By 8am Saturday morning, residents began walking out of their homes and down streets trying to track the source of plumes of black smoke 500 feet in the air. It was visible for several miles, especially when driving down the Lodge Freeway, M10.
It’s a set back for the Neighborhood Services Association. They are finishing a renovation of the Yellow Pages building just to the west of the bakery on Oakman Blvd in Highland Park.
The Fred Sanders Company, which started in Detroit in 1875, was a popular manufacturer of ice cream and candy for over one hundred years. The material contained in the Burton Historical collection of the Detroit Public Library, including company records, family documents and newspaper clippings, provides a good look at the firm.
The Son of a German baker, Frederick Schmidt was born in Germany in 1848. The family emigrated to the United States a year later, but as a young man Frederick returned to his homeland to learn more about baking as a business. Coming back to America, Schmidt–later called Sanders–opened bakery shops first in Philadelphia and then in Chicago. He came to Detroit only after his store was burned down in the Great Chicago Fire of 1871. Frederick Sanders opened the “Sanders Pavilion”, a candy and ice cream shop, at the corner of Woodward Avenue and State Street in downtown Detroit in 1875. He later moved the store closer to the river, on Woodward near Michigan Avenue, and the company became a phenomenal success.
By the turn of the century, Sanders opened his “Palace of Sweets” and it remained at the same location on Woodward for the next eighty-five years. By the mid-twentieth century, there were nearly two dozen Sanders stores serving fountain treats along with soups and sandwiches in Detroit and nearby suburbs.
John Miller, who had been “one of the City [of Detroit]’s great merchandisers”, was founder Frederick Sanders’ son-in-law. Taking over the business in 1913, after Sanders’ death, Miller expanded the company. The name was changed to Sanders-Miller Corporation while Miller was president. While the Fred Sanders Company evolved and grew over the years, it remained a private, family-owned business for one hundred eleven years.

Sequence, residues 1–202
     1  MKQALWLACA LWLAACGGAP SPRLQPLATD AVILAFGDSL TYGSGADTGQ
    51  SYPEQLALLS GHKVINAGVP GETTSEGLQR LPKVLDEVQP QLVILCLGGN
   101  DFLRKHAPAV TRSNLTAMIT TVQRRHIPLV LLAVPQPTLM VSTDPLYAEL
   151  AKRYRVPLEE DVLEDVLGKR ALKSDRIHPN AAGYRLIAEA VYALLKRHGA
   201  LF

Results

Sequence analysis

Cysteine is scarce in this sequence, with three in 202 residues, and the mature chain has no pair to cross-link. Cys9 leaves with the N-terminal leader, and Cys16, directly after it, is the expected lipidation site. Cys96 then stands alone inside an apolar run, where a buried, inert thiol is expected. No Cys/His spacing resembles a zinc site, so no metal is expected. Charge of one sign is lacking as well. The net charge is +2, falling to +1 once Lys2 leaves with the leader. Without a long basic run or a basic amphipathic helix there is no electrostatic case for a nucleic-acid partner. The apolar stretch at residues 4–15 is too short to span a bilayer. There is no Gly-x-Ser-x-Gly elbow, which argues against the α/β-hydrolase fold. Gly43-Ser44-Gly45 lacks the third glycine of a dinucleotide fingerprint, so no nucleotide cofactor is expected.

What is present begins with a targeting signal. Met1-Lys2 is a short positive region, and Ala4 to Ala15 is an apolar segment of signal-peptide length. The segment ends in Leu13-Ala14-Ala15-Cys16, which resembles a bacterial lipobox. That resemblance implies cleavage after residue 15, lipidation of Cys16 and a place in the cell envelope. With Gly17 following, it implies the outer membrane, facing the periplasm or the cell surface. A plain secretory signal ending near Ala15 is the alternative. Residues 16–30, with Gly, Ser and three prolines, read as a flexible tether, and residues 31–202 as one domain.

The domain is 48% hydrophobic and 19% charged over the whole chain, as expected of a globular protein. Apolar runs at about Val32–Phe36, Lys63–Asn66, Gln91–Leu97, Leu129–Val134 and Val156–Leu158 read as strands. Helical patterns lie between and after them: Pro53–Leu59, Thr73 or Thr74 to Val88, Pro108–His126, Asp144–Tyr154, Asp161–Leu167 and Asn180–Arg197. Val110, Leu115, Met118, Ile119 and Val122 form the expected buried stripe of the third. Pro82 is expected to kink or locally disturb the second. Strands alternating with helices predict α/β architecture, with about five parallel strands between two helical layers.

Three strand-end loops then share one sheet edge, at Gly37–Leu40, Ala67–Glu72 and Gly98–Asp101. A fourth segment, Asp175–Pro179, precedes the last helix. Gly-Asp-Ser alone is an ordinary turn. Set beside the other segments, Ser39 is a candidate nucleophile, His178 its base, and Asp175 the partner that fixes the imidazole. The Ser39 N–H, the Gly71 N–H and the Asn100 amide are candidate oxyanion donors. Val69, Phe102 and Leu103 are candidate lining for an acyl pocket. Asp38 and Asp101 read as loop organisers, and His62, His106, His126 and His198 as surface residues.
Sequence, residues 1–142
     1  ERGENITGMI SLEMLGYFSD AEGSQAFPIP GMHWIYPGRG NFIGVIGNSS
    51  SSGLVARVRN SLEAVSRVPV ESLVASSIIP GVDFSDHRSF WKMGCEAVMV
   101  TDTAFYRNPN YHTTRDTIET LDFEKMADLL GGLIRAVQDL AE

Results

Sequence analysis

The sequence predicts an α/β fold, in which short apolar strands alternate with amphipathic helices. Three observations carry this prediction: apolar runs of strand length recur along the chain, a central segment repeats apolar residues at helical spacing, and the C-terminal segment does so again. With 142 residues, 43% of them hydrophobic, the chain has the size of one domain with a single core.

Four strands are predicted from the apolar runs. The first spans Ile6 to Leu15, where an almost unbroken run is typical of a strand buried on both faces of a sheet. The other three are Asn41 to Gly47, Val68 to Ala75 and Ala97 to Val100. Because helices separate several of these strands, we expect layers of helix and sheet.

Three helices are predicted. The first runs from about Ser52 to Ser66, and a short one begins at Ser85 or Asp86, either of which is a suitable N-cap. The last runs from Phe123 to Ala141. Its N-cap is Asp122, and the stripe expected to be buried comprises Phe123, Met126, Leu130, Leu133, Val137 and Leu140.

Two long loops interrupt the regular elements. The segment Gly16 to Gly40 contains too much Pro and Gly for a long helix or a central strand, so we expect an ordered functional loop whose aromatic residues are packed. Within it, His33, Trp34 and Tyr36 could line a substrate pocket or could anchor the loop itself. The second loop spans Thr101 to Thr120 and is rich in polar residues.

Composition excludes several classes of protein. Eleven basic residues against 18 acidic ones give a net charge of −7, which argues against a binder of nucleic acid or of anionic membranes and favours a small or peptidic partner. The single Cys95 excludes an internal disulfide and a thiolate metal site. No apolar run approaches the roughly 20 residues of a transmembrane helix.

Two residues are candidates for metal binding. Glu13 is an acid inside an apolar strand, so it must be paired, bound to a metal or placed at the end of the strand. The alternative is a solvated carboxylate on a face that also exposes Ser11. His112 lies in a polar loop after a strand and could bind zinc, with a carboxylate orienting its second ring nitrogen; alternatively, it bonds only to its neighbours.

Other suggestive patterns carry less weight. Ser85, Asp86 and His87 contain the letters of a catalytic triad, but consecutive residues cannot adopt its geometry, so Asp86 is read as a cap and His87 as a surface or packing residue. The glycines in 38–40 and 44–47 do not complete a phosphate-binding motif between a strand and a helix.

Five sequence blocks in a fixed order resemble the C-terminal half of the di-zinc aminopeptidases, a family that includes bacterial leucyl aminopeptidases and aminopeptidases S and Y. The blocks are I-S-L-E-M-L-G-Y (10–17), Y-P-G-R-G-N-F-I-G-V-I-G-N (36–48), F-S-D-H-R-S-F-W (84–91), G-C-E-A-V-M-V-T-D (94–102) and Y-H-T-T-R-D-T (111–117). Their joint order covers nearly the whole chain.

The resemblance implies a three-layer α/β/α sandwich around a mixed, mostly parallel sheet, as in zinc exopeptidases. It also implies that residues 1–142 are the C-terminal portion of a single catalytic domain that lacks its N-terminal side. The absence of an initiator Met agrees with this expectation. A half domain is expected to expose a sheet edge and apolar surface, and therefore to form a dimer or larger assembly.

The Detroit Free Press reported, “In 1962, when John Sanders, great-grandson of the founder, took over the company from his father, Sanders had 111 stores and more than $20 million a year in sales.” But the real world eventually caught up with the family-owned company, and the 1970s and ‘809 saw any ups.-,and downs with the struggling firm. “Trouble began in the mid-1970s,” the Detroit Free Press reported, “as Sanders faced increasing competition from local rivals such as Awrey Bakeries and from outsiders such as Godiva Chocolates and Entenmann’s, the Long Island baked goods company.”
Fred Sanders Incorporated began in June, 1983, as the successor corporation to Fred Sanders, the “old-line” Michigan baker, confectioner and retail store operating concern originally founded in 1875. It underwent reorganization in 1986 when it became known as Sanders Inc. and for the first time in its 111-year history, the company’s stock went public.
Despite hiring outside management for the first time in its one hundred year history, by the early 1980s the floundering company, unable to compete with “slipping sales, rising costs and an aging plant”, declared bankruptcy. In 1989 the company was taken over by Country Home Bakery, but the name and recipes were retained. At the time the collection ends, in 1989, there were just a handful of Sanders stores still operating in the Detroit area. The collection provides a bittersweet look at a nostalgic era in Detroit’s past.